A Closer Look: We Talk With Wonder Woman Composer Rupert Gregson-Williams

Rupert Gregson-Williams was born in 1966 in England and has been composing music for TV and Film since 1998 with over 36 films to date.

His incredible composition on Hotel Rwanda in 2004 earned him the European Film Composer award and his work on the more recent Hacksaw Ridge, directed by Mel Gibson, earned him several nominations as well.

The bulk of his work to date has been done with Adam Sandler’s company, Happy Madison Productions (10 and counting),  scoring familiar names such as Grown Ups 1 & 2, That’s My Boy, I Now Pronounce You Chuck & Larry and Paul Blart: Mall Cop. 

Most recently he composed the score for the incredible new release Wonder Woman directed by Patty Jenkins and starring Gal Gadot.  We recently spoke with Rupert about the current state of film composition, switching from comedy to drama and of course his amazing work on Wonder Woman.

Hello Rupert, thanks so much for doing this.

No problem Steve, my pleasure.

First of all, I just want to say really, really nice job with Wonder Woman. I thought it was big when it needed to big and subtle when it needed to be subtle.  I’ve been listening to it quite a bit and feeling the emotion resurface, I’m a big fan of the film and I think your score has a lot to do with it.  So congratulations, real nice job.

Thank you, thank you very much.

Start off with a technical question.  As far as the syncing, how many frames late did you sync it?  It seems the syncing was late to me.   Not late as a negative, just off set with the timing.  Is that right?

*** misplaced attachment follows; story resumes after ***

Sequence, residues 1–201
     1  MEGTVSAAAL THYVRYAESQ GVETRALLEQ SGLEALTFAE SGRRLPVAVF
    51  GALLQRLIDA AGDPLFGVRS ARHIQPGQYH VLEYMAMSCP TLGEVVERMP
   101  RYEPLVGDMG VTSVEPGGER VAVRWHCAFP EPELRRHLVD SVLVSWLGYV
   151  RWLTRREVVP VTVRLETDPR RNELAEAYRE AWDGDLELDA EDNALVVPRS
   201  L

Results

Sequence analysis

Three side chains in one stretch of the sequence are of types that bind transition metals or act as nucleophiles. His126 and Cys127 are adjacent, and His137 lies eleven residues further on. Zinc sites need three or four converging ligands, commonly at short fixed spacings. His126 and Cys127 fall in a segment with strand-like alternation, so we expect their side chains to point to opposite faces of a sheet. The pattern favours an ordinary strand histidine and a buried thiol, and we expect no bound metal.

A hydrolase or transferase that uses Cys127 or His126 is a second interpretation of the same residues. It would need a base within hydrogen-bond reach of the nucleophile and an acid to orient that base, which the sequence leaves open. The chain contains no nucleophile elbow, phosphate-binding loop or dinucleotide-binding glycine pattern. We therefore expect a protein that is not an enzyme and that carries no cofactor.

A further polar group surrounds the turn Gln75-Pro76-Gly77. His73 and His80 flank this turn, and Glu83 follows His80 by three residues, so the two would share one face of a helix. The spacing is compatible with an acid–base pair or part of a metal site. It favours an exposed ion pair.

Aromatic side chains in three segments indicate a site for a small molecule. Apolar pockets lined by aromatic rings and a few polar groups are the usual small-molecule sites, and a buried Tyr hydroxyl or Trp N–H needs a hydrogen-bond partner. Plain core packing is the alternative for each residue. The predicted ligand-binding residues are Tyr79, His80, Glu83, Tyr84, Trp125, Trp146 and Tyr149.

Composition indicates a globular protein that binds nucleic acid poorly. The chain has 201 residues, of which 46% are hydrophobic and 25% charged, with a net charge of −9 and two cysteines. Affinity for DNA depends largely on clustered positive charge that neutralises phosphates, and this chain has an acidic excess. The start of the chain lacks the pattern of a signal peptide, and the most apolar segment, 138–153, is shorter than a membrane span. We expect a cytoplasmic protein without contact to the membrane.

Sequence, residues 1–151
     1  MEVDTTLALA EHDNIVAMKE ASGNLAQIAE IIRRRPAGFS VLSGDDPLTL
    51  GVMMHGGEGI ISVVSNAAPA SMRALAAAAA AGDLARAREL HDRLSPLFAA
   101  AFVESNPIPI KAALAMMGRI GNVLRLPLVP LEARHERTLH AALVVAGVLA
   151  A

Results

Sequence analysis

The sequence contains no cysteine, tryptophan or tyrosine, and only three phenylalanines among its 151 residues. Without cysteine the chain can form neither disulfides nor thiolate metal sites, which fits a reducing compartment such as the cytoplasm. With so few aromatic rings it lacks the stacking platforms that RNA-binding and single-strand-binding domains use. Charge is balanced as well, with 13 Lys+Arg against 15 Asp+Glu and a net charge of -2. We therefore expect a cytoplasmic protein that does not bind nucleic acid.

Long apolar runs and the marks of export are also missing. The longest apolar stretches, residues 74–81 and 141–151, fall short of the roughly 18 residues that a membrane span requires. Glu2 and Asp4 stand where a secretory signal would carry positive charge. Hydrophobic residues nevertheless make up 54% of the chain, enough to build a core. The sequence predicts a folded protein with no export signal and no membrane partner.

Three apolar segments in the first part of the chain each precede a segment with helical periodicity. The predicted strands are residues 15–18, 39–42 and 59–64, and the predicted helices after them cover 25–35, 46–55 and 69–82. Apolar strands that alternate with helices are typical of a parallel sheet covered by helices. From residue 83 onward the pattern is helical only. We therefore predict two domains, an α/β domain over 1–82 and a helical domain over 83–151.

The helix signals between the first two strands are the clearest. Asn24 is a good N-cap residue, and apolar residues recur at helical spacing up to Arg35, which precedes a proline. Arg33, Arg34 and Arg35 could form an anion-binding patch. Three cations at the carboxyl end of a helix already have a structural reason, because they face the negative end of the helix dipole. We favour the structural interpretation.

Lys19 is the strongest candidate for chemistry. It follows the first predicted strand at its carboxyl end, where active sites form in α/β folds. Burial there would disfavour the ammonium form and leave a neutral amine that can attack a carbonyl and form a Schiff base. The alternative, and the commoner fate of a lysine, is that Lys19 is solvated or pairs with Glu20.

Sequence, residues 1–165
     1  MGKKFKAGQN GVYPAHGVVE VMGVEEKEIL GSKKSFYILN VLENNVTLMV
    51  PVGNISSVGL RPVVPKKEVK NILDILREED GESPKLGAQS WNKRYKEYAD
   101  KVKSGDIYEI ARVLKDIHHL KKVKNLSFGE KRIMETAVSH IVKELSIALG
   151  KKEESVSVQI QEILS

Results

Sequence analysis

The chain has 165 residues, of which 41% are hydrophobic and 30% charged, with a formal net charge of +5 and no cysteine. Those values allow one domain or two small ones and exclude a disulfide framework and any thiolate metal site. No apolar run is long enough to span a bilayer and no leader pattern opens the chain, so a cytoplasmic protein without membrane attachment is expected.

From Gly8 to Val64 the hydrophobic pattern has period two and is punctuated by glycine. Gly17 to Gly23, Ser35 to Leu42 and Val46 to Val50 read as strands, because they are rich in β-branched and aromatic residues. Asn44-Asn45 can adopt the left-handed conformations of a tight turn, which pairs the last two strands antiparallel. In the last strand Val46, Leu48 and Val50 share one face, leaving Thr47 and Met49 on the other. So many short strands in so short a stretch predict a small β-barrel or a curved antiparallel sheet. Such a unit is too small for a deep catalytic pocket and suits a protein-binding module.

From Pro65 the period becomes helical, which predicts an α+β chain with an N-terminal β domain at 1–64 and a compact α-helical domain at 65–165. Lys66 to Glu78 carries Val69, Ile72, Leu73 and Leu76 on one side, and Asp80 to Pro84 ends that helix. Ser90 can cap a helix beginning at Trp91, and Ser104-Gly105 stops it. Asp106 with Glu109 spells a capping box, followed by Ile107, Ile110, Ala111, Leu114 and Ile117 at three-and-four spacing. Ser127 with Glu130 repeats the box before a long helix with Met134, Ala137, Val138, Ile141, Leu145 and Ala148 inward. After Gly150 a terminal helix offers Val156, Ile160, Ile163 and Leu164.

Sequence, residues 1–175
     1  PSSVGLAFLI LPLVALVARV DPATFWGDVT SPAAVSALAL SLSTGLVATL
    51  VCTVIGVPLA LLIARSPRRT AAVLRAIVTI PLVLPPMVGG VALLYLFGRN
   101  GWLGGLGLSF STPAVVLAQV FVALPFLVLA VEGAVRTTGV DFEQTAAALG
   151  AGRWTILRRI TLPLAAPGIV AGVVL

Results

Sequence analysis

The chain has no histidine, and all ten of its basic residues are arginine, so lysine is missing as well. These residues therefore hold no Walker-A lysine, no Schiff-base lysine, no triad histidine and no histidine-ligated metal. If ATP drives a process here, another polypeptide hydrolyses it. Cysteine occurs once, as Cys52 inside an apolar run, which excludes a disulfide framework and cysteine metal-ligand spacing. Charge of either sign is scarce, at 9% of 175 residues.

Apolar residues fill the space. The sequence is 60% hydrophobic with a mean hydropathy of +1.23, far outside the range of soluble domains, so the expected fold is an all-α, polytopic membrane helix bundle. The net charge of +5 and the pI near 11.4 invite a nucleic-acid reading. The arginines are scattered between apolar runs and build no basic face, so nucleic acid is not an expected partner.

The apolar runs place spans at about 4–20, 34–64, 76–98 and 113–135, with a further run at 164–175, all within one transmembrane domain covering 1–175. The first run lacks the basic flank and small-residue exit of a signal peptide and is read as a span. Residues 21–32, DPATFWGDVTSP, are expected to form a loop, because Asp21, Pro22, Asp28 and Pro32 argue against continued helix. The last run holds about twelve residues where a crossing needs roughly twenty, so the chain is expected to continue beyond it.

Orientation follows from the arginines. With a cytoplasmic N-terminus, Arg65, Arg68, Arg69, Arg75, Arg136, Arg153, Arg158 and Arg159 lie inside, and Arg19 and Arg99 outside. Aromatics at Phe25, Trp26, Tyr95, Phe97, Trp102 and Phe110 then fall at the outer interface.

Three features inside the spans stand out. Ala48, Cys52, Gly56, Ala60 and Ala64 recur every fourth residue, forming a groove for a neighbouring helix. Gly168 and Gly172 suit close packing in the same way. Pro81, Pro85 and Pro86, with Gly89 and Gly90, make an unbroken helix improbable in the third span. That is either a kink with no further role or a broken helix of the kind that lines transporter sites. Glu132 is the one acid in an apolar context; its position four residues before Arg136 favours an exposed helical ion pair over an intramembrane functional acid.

You mean I didn’t hit everything on the nose?

I mean with intent.  Sometimes with scores they sync them early or late 3 or 4 frames. I’m wondering if that was the case with this score.

Patty and I sort of made the decision on this one, it wasn’t a conscious decision to frame anything late per say, certainly not to pre-empt anything.  We kind of felt that actually applied to a lot of the score not to just certain cuts but actually the whole story where there was a lot of times it was needed.  The more time we wait for Diana to become Wonder Woman we found that it was better story wise and that sort of then just applied to the way we hit things and dealt with it.   So you’re right it slightly after the fact but not quite deliberately, we didn’t set out to do that, it just felt natural.

Perfect, I think it worked, too many times scores sync early and I agree it allows for growth and natural storytelling if it comes in a hair late.  At what point did you enter production for Wonder Woman?  Was it pre, during or post principal photography and do you have a preference?  

I came in as Patty was finishing shooting, she was just getting towards the end, and she only had an early, not final cut.  The earlier the better for me and if I can get a script while the story is in development then obviously I can be a part of that process.  It’s a really enjoyable part of the whole business and filmmaking and also the relationship with the director can be established, especially if it’s with a new director you can establish story lines and shapes early on.  When you get hired sometimes later on you’re playing catch-up and sometime you have to second guess what the director means because you haven’t got a long enough relationship.